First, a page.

I sewed the front and back pieces together and tried on the mockup without setting in the sleeves.  The adjustments I made to lower the bust and for the round shoulders worked well.  However, the round shoulder adjustment did not alleviate the forward shoulders issue.  I could see the back shoulder seam needed to be moved forward another ¼ inch.  If I had another person helping me with the fitting process, I would have had that person open the shoulder seam while I had the mockup on and then pin the shoulder seam where it should have been.  Then I could have measured that seam and made the adjustment on my pattern.  Without a helper, I had to stand in front of the mirror and make an assessment of the amount needed.  Then I took off the mockup and made the changes and tried it on  again to check the fit.  Once I had it on, I could look at it in the mirror and also place my fingers on the seam line and feel that it was in the right location.  To offset the extra 1/4 inch I added to both sides of the back neckline at the shoulder seam, I could take 1/4 inch off both sides of the front neckline.  I chose not to do that because I like the extra room at the neckline.  However, I will add 1/4 inch to the seam of the of the back neck facing on my pattern. 

The next step was to try to insert the sleeves.  You can see in the picture above, the width of the back across the armscyes are little too wide.  This is where I really could have used someone to help.  My husband was not up to the task, so I had to do it alone.  I did not want to make the top so snug across the back that I would have difficulty moving my arms.  I decided to baste the sleeves with a 5/8 inch seam and try the mockup on again before determining how much extra seam to take.  After doing that, I decided to take an extra ¼ inch on the seam in the middle of the armscye in the back and gradually decrease to 5/8” again at the shoulder seam and where the seam straightens under the arm.   A picture of the mockup is shown below.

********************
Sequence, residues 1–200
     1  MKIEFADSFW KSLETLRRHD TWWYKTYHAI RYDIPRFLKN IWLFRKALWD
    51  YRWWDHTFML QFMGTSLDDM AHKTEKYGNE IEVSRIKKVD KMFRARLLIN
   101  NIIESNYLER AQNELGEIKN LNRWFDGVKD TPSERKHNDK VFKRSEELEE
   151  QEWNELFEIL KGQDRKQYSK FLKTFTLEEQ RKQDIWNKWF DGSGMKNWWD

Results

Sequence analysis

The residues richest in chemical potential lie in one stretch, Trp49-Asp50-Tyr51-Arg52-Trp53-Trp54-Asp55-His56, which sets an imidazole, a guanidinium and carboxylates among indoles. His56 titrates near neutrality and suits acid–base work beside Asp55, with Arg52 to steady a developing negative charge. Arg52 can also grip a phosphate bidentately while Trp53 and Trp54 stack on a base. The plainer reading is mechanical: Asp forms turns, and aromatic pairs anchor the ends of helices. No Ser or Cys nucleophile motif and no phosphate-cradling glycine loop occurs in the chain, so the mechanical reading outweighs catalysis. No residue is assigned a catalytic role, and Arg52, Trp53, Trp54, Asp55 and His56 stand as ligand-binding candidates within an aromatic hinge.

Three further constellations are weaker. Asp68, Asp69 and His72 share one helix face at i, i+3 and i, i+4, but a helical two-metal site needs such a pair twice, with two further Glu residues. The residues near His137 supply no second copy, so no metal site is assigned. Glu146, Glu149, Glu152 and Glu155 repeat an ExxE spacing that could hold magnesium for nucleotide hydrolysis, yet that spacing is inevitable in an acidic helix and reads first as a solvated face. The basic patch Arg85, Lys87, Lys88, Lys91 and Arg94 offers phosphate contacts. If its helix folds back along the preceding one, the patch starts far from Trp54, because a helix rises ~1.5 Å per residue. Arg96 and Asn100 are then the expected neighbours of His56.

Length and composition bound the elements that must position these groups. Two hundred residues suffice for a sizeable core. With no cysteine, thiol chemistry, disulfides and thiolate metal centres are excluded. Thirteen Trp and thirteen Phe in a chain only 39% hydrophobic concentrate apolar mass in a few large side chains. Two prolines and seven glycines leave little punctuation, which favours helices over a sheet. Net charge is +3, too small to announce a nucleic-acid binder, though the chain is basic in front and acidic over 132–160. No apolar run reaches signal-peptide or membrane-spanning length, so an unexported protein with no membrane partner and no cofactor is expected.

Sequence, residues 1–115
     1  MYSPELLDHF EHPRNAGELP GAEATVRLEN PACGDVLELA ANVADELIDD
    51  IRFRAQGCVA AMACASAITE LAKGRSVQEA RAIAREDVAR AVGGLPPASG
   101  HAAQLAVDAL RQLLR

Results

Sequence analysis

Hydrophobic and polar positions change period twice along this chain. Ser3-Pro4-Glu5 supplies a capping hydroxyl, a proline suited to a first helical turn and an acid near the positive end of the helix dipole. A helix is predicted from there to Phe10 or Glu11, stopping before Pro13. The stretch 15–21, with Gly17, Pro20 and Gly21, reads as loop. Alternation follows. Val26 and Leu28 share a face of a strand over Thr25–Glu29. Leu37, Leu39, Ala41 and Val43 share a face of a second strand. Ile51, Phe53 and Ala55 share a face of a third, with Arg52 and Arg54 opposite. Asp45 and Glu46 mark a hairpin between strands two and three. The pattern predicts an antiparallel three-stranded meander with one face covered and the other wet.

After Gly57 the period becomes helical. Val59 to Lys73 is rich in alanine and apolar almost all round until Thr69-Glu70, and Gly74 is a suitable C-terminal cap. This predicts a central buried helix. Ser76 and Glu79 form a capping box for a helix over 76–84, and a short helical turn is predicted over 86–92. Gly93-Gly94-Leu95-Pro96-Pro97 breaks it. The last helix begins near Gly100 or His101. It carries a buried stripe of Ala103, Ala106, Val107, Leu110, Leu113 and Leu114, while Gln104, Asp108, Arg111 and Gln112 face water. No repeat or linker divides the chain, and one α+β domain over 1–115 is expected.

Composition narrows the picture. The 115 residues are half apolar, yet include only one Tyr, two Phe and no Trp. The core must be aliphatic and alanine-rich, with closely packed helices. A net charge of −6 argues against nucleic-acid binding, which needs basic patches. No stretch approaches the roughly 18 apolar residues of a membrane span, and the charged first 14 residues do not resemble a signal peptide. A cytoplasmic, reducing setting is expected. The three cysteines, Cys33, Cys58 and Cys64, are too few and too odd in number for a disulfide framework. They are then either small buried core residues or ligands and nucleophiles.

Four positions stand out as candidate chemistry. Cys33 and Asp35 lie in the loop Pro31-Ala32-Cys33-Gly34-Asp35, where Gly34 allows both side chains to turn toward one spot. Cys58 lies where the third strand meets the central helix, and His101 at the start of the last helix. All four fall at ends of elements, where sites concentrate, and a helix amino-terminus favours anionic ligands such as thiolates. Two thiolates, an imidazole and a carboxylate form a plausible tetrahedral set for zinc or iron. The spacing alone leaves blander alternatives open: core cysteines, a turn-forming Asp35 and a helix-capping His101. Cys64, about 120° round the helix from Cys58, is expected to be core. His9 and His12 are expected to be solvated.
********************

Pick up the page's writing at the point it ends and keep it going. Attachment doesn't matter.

This second mockup fit much better than the first, but the front was a little loose in the hip area.  This sometimes happens when your hips are smaller than your bust and you make the full bust adjustment on the pattern.  One solution is to make a pair of vertical darts in the front.  I added the darts and liked the appearance of the front of the top much better.

I think this second mockup is wearable.  So, my next step was to take it apart and sew it together again with a regular stitch instead of a basting stitch.  I also added the facing to the neck edge and back opening.  The pattern called for a thread loop and button at the top of the back opening.  Because I am not good at making thread loops, I decided to use a small elastic jewelry cording.  I enclosed both ends between the facing and the back when I sewed those two pieces together.  I liked this much better than a thread loop.

Also, I wasn't really happy with the darts I added to the front of the top.  I decided to rip those out and take 1/2 inch off both sides of the front from the hem decreasing to nothing at the waist area instead.  I think this will work better for me.  Pictures of the finished garment are shown below.



This wraps up my series of posts on Fitting a Pattern for a Blouse or Top.  Fitting is a process.  It takes time and patience but the rewards are worth the effort.  Once you have a basic pattern that fits, it can be used multiple times and can be changed into different styles without having to fit another pattern! 

Have fun sewing!